I recently did a bench press to test my 1RM. Wow, I was impressed how heavy I could lift. It was right in the neighborhood of 350lbs, which is very impressive. The problem is my bench press is not very stable. It’s not terrible, but it’s not great. I’d love to have a press that is stable and strong.
Many lifters are intimidated by the big bench press. They can’t do it, or at least they can’t do it for a few weeks. They watch YouTube videos and read blog articles, but they don’t seem to find anything that works. If you are a bench press newbie, it’s okay. I’m going to share with you some of the basics of bench press technique that I’ve learned through trial and error.
In this blog post we examine three wave loading routines to help you increase your bench press. In the last post we discussed the benefits of using a bench shirt, and some ways to use the bench shirt to your advantage in your training. A wave bench shirt, or a 3 wave bench shirt, is a type of bench shirt that has three separate compartments. Each compartment is designed to stimulate different muscle groups within your bench pressing routine.
Wave loading is one of the best training methods to get a great bench press. A bench press wave is a series of three sets performed with a decreasing number of repetitions. For example, a 7/5/3 wave protocol provides. For example, a bench press with 7 reps in the first set, 5 reps in the second set and 3 reps in the third set. These three sequences are considered as one wave. Most wave workouts use 2-4 waves for bench press or other basic exercises. For example, here’s what a full 7/5/3 wave charging protocol looks like:
- Set 1: Bench press x 7 repetitions
- Sentence #2: Bench press x 5 reps
- Movement No. 3: Bench press x 3 reps
- Movement No. 4: Bench press x 7 repetitions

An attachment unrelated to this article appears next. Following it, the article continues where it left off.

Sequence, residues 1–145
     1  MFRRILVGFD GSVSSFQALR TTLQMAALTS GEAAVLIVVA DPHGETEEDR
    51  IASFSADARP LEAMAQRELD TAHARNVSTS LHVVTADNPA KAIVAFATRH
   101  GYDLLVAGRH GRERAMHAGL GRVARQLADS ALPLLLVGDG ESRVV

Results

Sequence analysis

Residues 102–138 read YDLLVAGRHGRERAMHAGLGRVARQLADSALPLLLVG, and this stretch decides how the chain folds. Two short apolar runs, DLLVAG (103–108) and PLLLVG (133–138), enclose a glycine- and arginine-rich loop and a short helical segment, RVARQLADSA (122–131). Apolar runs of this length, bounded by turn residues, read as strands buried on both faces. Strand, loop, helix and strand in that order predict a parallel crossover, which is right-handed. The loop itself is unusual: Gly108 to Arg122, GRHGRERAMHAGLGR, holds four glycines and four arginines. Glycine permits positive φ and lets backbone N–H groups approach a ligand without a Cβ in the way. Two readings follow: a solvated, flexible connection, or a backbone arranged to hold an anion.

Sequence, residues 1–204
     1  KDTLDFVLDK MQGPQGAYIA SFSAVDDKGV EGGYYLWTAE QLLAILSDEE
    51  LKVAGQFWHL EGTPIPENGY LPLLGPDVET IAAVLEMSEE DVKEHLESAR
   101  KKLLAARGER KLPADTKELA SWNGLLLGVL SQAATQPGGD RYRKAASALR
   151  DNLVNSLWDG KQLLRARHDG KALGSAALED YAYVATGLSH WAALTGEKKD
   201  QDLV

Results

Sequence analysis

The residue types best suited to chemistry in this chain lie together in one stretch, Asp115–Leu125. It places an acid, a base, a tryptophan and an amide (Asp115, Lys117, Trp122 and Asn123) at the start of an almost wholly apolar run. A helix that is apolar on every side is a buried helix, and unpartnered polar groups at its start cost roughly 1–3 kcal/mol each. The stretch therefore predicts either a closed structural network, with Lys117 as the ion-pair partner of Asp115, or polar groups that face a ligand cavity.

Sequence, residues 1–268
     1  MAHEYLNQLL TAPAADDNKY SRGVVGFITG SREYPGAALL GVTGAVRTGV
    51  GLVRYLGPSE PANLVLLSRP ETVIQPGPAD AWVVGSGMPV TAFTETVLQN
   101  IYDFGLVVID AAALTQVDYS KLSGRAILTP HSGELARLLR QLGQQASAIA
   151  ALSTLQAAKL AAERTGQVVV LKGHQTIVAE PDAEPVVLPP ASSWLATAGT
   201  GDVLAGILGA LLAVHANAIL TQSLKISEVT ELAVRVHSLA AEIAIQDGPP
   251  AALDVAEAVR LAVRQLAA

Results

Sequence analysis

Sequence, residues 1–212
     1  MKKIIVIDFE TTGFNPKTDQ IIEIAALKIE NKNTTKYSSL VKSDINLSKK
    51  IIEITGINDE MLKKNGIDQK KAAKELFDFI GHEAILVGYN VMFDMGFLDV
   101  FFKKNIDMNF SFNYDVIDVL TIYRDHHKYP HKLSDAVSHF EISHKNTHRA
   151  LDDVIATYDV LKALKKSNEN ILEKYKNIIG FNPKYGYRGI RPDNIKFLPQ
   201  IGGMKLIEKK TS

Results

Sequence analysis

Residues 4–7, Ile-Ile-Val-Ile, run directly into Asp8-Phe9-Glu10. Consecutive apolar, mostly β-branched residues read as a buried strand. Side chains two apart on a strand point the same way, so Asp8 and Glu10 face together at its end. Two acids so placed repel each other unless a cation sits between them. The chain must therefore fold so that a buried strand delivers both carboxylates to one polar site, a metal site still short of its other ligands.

- Movement No. 5: Bench press x 5 reps
- Movement No. 6: Bench press x 3 reps
The wave load uses the principle of post-tanic exponentiation. This is a decent way of saying that the different sequences of repetitions stimulate your central nervous system and teach it to activate your fast-twitch muscle fibers more efficiently. When you perform the first set of 3 reps, you are teaching your body to make extremely strong muscle contractions. As you do the next set of 7 reps, the weight in your arms gets lighter and your strength increases. Most people find that they are stronger in the second wave than in the first. That’s the power of exposure to waves to activate your central nervous system! In this guide, I’ll teach you the 3 most effective wave loading strategies to build a huge bench press:
- 7/5/3 Axle load
- 5/3/2 Axle load
- 3/2/1 Axle load
For each of these wave loading strategies, I’ll give you the exact training portions you can use, as well as a sample bench press program you can start today. Message: Part 1: 7/5/3 Axle load The 7/5/3 wave charging protocol is one of the most popular wave charging methods ever invented. The basic idea is to perform sets of 7 reps, 5 reps and 3 reps in a wavy pattern. This training protocol is excellent because it allows you to reinforce the same exercise in higher and lower repetition ranges. This is a great way to train for a combination of strength gains and functional hypertrophy. One of the interesting features of the 7/5/3 wave protocol is that you will be stronger in the second wave than in the first. Here are some examples of training percentages: 7/5/3 Percentage of shaft loading during bench press
- Set 1: 7 repetitions at 80% of your maximum strength in 1 repetition
- Set 2: 5 repetitions at 84% of maximum power in 1 repetition
- Set 3: 3 repetitions at 89% of maximum power in 1 repetition
- Set 4: 7 repetitions at 81% of your maximum strength in 1 repetition
- Movement 5: 5 repetitions at 85% of maximum power in 1 repetition